We stayed at a place called Larned (which had Mexican food beyond our expectations), had reservations for a night's stay at a town named Liberal, which we didn't end up using, drove through towns named after Presidents Garfield and Ford, took a right at Spearville, went to the impound yard at the police station in Macksville, dined at RJ's in Haviland, and stopped to take a picture at Kingsley (at a spot which claims to be the midpoint of the country with 1,561 miles in each direction to San Francisco and New York). The highways are long, and straight and for the most part flat. Though early in the week, the light at dusk as we drove back to our different locations was amazingly eerie and textured, something I won't forget.
The Story Arc
There is a certain life cycle to these stories — almost to every story of tragedy and rebuilding I suppose. On Sunday morning, the news crews were all still trying to get their bearings, most of us in awe of the totality of what we were witnessing. We were the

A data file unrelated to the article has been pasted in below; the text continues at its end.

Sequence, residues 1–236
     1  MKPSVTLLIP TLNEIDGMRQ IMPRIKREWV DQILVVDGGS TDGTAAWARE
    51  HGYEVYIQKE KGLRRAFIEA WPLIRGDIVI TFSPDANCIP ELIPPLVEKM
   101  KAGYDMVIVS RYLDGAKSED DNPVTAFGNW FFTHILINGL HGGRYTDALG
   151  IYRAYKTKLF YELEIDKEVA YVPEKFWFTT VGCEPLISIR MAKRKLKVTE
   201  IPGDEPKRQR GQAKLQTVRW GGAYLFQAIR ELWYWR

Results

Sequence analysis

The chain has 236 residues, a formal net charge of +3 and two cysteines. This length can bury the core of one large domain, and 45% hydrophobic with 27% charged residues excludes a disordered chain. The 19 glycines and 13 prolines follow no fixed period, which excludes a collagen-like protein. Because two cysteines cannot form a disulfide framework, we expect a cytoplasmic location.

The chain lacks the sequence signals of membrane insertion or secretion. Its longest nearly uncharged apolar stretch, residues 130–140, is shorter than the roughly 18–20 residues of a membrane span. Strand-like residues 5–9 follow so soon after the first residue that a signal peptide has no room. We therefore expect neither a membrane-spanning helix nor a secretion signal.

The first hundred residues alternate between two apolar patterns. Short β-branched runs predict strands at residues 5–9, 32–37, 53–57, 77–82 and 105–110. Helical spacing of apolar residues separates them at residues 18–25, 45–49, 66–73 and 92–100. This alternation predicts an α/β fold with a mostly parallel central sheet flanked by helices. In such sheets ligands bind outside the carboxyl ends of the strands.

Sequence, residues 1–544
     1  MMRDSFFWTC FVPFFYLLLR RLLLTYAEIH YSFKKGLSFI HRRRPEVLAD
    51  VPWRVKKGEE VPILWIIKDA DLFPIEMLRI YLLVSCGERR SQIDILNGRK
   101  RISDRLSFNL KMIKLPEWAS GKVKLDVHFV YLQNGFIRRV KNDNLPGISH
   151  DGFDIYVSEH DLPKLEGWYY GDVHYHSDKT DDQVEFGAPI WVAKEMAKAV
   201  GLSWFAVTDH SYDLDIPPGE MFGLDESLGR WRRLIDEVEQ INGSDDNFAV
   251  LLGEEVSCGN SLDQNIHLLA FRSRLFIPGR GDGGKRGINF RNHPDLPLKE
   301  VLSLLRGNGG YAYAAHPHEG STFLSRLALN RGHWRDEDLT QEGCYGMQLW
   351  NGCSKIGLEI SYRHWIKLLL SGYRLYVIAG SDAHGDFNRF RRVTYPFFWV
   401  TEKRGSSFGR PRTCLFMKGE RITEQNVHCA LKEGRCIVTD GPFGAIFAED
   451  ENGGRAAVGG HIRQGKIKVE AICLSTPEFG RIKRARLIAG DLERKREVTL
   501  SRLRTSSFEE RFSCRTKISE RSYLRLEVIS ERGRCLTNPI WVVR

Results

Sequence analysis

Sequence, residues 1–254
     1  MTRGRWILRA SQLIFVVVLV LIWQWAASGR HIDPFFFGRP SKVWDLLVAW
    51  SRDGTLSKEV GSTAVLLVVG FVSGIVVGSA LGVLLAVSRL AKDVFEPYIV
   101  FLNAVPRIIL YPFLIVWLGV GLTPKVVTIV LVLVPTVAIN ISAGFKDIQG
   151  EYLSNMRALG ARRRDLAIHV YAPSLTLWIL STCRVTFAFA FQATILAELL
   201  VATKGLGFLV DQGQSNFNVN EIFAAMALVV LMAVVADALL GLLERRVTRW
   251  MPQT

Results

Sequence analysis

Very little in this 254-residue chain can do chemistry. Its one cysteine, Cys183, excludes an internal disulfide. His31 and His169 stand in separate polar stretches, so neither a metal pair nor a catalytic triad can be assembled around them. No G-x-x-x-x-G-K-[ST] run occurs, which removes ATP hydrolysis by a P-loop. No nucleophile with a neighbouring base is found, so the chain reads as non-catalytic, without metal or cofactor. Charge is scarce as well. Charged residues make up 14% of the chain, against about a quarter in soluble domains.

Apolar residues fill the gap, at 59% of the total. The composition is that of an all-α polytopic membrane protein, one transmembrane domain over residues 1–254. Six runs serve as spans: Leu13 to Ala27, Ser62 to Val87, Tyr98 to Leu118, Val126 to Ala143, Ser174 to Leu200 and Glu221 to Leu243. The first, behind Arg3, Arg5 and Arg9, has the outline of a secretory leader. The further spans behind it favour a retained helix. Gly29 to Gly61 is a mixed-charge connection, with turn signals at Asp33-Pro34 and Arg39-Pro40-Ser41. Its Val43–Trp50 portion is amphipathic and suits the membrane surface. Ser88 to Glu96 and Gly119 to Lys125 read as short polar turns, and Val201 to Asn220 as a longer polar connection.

Morning television was here in force by Monday and Tuesday: the super-weather casters and the national morning anchors were here working side by side with local affiliate reporters for most of whom, some coverage from here will likely lead their future resume tapes and help them get a job in a larger media market.
Almost every network went full speed ahead with this piece, and had sidebars or bounce pieces on Monday night; but on Tuesday, as news of potentially devastating floods surfaced, and forest fires raged in multiple parts of the country,
It's common at these sorts of stories to run into old colleagues from previous employers. It's fun to see old friends, because at the end of the day, when you've tried to best each other by getting elements that your old friends don't, it's still a collegial atmosphere where you can go grab a meal with someone on another team because hopefully your friendship is bigger than the team you play for or the story of the day.